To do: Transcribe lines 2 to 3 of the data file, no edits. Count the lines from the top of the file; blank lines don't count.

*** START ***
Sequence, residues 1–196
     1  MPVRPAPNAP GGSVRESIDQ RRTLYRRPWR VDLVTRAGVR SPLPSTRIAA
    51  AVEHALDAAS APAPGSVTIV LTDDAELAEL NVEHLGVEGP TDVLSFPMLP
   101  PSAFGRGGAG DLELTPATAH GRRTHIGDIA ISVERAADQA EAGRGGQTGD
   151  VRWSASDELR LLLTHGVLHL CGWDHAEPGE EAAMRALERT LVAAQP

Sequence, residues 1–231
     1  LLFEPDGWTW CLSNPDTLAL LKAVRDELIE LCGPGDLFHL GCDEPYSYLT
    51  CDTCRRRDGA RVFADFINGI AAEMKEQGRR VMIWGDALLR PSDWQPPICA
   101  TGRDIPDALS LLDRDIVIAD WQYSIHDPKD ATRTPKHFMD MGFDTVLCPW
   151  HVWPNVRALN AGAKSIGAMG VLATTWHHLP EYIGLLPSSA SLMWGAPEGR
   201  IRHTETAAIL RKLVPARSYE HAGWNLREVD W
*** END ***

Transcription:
     1  MPVRPAPNAP GGSVRESIDQ RRTLYRRPWR VDLVTRAGVR SPLPSTRIAA
    51  AVEHALDAAS APAPGSVTIV LTDDAELAEL NVEHLGVEGP TDVLSFPMLP